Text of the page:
Where does the CKO belong in the task org?
I was recently a part of a discussion that asked what section/directorate should the Chief Knowledge Officer (CKO) belong? Here was my response:
Personally I think there is no use for a CKO in any Army organization. Our G-3s (even when manned by DACs) are not COO, our G-8s are not CFOs, and our commanders are not CEOs. I think the term irritates more than a few people. No matter our professions, the Army is led by soldiers who honor the Warrior’s Creed….a corporate mindset seems to be an antithesis to being combat ready (IMHO). I dont doubt their are some requirements for the “functions” a CKO might perform, but lets scuff up the term and call them what they really are. 😉
Speaking of, at least according to our current doctrine, knowledge management is dictated as one of the major functions of the staff. I think many would agree that of the primary six warfighting functions that the KM effort be championed from within the function of Command and Control.
To me the Battle Staff Officer/NCO who are the proponents on staff to facilitate situational understanding and decision-making must not be bogged down in any one WfF, especially in the dynamic and fluid tempo of full-spectrum operations. The Chief, the Deputy, XO or DCOS all might be able to adequately guide the efforts (organization and operationally dependant), and those responsibilities should be spelled out in an organization’s Terms of Reference.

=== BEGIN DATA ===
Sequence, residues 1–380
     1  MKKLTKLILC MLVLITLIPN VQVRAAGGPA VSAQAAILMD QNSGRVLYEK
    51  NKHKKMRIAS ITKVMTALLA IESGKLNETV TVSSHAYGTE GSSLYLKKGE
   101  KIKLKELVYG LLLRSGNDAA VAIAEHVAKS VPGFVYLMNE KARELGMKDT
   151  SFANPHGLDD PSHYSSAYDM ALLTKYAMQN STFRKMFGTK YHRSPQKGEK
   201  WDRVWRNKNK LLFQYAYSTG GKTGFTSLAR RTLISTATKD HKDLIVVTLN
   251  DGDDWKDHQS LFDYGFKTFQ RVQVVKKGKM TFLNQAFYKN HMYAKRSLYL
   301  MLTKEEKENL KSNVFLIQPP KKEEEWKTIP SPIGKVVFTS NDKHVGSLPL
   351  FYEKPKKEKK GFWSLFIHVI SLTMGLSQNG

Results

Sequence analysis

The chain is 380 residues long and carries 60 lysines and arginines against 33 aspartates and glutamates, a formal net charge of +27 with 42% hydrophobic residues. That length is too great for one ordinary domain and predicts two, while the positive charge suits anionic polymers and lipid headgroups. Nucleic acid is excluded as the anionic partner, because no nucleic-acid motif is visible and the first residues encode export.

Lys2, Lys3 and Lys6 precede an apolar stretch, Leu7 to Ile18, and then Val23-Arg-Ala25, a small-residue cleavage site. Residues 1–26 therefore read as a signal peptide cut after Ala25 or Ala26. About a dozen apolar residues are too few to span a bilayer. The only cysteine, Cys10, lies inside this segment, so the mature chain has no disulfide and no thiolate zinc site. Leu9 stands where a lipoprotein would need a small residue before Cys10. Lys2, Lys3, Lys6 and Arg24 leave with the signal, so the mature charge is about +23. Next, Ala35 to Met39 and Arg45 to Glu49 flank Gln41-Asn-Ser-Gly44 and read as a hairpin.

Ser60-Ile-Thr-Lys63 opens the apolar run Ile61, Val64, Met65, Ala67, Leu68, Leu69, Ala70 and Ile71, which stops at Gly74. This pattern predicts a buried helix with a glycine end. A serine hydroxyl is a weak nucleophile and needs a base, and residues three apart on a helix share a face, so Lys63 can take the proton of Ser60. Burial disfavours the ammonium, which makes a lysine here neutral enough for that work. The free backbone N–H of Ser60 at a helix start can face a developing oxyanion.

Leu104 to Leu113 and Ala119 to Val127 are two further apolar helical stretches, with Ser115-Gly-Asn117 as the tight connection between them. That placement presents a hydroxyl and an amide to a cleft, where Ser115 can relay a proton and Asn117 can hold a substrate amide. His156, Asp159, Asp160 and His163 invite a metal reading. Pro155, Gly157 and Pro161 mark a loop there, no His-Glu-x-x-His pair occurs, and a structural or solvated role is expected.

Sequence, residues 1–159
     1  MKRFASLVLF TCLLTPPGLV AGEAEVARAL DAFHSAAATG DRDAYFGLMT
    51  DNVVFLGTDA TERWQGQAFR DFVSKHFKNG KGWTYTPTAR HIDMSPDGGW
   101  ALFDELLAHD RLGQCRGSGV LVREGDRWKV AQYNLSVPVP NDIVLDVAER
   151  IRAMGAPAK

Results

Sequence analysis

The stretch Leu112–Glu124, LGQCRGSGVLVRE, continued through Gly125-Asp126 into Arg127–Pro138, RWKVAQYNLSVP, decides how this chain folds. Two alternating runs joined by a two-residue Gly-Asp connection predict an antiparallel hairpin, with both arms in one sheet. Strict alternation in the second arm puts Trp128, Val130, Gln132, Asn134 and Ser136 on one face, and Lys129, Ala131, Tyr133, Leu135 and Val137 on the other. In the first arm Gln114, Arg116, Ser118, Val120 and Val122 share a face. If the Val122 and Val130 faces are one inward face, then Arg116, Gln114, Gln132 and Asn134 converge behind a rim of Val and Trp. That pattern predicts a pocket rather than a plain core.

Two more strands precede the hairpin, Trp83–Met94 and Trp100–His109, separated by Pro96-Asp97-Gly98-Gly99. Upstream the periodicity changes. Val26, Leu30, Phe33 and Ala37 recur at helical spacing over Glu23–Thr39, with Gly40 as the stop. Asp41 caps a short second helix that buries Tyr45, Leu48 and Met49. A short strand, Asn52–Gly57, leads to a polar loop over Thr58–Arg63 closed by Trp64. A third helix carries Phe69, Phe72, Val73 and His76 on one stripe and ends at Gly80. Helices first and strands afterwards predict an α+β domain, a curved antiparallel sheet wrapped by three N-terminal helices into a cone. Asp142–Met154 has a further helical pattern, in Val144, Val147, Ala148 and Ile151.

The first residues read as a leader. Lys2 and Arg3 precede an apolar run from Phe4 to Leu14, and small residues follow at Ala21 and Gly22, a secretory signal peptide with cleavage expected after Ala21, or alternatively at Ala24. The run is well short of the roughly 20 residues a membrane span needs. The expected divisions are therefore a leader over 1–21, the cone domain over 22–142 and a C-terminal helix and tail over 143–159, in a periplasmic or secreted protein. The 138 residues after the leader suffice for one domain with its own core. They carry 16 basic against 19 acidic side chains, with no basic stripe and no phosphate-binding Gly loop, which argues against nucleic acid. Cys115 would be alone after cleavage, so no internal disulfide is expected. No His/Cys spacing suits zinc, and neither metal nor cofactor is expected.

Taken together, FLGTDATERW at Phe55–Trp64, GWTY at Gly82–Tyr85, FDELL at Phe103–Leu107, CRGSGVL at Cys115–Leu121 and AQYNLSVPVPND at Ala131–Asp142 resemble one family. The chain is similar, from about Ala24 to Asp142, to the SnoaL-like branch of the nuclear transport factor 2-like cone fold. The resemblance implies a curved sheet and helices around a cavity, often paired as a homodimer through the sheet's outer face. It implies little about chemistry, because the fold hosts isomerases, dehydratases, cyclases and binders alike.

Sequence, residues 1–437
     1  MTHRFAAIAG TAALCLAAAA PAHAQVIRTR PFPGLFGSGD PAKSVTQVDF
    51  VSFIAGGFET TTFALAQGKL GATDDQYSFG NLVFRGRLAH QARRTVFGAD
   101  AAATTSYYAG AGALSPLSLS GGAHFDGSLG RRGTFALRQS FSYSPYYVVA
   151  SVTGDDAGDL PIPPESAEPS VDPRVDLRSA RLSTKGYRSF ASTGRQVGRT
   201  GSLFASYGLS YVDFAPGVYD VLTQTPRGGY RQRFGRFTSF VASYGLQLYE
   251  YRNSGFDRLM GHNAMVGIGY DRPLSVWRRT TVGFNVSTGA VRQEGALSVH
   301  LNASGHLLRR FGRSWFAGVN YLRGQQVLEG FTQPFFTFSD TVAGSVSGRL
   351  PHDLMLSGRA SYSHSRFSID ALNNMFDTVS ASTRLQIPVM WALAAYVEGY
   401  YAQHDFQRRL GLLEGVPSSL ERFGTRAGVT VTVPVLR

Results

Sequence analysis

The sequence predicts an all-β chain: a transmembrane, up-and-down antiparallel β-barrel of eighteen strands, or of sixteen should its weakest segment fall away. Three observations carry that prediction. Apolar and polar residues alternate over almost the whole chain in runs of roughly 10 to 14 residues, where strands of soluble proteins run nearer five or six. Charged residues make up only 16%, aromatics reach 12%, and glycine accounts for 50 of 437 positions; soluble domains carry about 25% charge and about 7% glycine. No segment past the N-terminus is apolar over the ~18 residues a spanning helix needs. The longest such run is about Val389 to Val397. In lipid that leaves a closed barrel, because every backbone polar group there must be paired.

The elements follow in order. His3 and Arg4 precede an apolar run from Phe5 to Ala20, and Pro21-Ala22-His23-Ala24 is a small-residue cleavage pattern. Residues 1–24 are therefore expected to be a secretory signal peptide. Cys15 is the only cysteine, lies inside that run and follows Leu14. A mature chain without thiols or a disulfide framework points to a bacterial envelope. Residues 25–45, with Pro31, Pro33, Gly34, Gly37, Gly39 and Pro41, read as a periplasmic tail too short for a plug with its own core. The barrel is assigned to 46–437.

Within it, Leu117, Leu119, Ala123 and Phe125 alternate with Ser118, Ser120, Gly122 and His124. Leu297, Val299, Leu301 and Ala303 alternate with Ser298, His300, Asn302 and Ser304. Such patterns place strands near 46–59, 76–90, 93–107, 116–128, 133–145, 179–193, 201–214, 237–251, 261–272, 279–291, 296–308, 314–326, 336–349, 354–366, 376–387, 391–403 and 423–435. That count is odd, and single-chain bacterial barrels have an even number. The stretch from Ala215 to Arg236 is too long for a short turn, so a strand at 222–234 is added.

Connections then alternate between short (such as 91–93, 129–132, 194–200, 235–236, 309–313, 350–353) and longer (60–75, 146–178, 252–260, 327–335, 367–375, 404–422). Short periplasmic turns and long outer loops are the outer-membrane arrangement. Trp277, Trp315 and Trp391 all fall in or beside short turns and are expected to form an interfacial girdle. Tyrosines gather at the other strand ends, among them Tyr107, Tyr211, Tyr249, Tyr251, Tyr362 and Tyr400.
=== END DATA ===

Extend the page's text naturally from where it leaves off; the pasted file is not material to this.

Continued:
Q#1- What is the best “way ahead” to provide that enduring capability?
Q#2- What is the “value” that demonstrates why the command should either allocate funds and personnel to the CKO or continue to authorize it’s funding.
Doctrinally, a requirement needs to be established. So there is a proponent for Operational Knowledge Management (who is proponents for other flavors?), but no Knowledge Management Capabilities Manager (TCIM). Or maybe it is/should be TICM Mission Command? If so, do they (and the rest of the world) know it?
In the Army it all starts with requirements…has there been an established and documented need for CKO/KMO/BCO/IMO at any levels, and by whom? If so, that is the place to start. If not, you have to ask yourselves if you even “need” resident knowledge management expertise in the Army, and at what costs? KM (ergo CKO positions) needs to be not only required, but a part of the longer-term strategy of the Army to some ultimate goal. I mean even Enterprise Email made it in to the Army Campaign Plan….
It sems to me that for too long KM requirements seem to come from ONS/JUONS, KM efforts manned by BMM and from hide, guided by memoranda and handshakes, and funded via UFRs and supplemental funding. KM has no true champion and it is not tied to a PEG. Without recognition at the most senior levels of such and changes to these facts you might as well count any long-term KM professional presence like CKOs, KMOs, KM Interns and KM Sections as a casualty to the swinging budget axe. If I was the Army G-8 the things I am going to go after first are the areas there are no documented requirements for.
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Dan Elder, MKMP